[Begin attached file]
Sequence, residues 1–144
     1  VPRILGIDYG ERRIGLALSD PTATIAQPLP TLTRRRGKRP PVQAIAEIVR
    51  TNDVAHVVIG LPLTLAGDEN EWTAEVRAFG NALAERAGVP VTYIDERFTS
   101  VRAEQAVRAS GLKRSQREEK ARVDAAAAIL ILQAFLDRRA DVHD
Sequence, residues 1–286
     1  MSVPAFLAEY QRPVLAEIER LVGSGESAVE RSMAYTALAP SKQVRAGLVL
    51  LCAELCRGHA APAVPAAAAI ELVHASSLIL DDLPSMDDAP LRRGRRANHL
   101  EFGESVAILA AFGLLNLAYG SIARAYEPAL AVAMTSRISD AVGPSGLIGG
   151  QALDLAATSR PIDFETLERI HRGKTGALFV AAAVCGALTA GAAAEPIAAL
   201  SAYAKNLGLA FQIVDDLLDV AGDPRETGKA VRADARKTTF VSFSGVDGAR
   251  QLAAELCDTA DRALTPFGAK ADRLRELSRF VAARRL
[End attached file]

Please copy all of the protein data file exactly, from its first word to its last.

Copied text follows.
Sequence, residues 1–144
     1  VPRILGIDYG ERRIGLALSD PTATIAQPLP TLTRRRGKRP PVQAIAEIVR
    51  TNDVAHVVIG LPLTLAGDEN EWTAEVRAFG NALAERAGVP VTYIDERFTS
   101  VRAEQAVRAS GLKRSQREEK ARVDAAAAIL ILQAFLDRRA DVHD
Sequence, residues 1–286
     1  MSVPAFLAEY QRPVLAEIER LVGSGESAVE RSMAYTALAP SKQVRAGLVL
    51  LCAELCRGHA APAVPAAAAI ELVHASSLIL DDLPSMDDAP LRRGRRANHL
   101  EFGESVAILA AFGLLNLAYG SIARAYEPAL AVAMTSRISD AVGPSGLIGG
   151  QALDLAATSR PIDFETLERI HRGKTGALFV AAAVCGALTA GAAAEPIAAL
   201  SAYAKNLGLA FQIVDDLLDV AGDPRETGKA VRADARKTTF VSFSGVDGAR
   251  QLAAELCDTA DRALTPFGAK ADRLRELSRF VAARRL